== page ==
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Research Papers

Glycated Collagen Decreased Endothelial Cell Fibronectin Alignment in Response to Cyclic Stretch Via Interruption of Actin Alignment

[+] Author and Article Information
Dannielle S. Figueroa

School of Biomedical Engineering,
Science and Health Systems,
Drexel University,
3141 Chestnut Street,
Philadelphia, PA 19104

Steven F. Kemeny

Mechanical Engineering and Mechanics,
Drexel University,
3141 Chestnut Street,
Philadelphia, PA 19104

Alisa Morss Clyne

School of Biomedical Engineering,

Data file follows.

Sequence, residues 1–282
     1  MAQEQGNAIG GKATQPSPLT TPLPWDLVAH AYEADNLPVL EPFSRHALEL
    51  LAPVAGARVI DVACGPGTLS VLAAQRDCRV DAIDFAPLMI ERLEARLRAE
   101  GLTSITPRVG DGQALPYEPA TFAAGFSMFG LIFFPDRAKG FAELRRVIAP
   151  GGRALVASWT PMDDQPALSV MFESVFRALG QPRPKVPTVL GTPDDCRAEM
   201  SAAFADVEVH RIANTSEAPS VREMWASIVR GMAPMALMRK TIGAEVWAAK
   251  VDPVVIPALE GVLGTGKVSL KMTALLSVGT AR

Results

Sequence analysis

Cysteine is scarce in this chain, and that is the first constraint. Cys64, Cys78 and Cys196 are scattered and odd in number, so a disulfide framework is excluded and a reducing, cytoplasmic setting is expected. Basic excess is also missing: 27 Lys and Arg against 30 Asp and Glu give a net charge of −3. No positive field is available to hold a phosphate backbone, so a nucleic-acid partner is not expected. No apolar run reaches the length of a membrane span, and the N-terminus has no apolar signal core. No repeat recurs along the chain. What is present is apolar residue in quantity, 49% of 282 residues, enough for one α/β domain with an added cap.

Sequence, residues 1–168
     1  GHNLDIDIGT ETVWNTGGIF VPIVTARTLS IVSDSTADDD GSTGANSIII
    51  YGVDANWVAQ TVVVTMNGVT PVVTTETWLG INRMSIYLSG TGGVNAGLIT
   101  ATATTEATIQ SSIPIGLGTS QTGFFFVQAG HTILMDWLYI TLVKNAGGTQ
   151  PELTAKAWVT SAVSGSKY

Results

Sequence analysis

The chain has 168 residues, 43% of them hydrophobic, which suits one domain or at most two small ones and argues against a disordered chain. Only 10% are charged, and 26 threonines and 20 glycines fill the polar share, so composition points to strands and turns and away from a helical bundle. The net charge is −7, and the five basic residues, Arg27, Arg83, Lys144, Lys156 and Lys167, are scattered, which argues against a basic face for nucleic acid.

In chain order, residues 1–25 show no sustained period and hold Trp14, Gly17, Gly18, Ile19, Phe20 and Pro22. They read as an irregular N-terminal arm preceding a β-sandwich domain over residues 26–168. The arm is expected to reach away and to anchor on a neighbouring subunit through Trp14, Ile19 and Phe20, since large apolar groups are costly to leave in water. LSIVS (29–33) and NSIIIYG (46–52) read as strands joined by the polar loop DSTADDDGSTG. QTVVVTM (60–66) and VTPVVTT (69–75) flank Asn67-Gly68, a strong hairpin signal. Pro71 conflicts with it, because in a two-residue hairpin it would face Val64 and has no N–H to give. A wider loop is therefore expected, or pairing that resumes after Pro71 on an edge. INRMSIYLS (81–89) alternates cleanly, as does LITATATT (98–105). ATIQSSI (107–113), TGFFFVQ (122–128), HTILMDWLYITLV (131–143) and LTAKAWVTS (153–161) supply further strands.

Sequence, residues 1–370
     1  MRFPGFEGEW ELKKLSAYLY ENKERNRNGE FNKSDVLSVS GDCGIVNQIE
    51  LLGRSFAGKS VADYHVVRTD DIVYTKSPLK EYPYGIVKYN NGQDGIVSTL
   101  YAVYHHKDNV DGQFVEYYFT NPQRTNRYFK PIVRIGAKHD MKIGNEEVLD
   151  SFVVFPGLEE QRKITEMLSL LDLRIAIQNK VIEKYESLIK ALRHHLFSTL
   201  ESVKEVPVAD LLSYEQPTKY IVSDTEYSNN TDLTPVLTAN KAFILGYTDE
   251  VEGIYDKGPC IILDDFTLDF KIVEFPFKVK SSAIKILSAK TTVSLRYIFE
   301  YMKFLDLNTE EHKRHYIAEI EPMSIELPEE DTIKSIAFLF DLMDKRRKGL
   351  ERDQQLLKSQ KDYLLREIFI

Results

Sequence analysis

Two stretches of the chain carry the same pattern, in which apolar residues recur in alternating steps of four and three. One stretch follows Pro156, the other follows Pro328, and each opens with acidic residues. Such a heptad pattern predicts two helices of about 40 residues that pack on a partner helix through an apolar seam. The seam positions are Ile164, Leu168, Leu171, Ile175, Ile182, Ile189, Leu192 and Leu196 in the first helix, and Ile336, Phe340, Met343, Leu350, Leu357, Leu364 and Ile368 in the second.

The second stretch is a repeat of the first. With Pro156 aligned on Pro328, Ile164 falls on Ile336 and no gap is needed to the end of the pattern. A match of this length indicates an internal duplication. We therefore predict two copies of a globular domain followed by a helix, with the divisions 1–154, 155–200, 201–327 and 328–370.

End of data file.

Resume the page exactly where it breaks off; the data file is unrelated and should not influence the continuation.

Science and Health Systems,
Drexel University,
3141 Chestnut Street,
Philadelphia, PA 19104
Mechanical Engineering and Mechanics,
Drexel University,
3141 Chestnut Street,
Philadelphia, PA 19104
e-mail: asm67@drexel.edu

1Corresponding author.

Manuscript received January 6, 2014; final manuscript received June 27, 2014; accepted manuscript posted July 18, 2014; published online August 12, 2014. Assoc. Editor: Jeffrey Ruberti.

J Biomech Eng 136(10), 101010 (Aug 12, 2014) (11 pages) Paper No: BIO-14-1008; doi: 10.1115/1.4028037 History: Received January 06, 2014; Revised June 27, 2014; Accepted July 18, 2014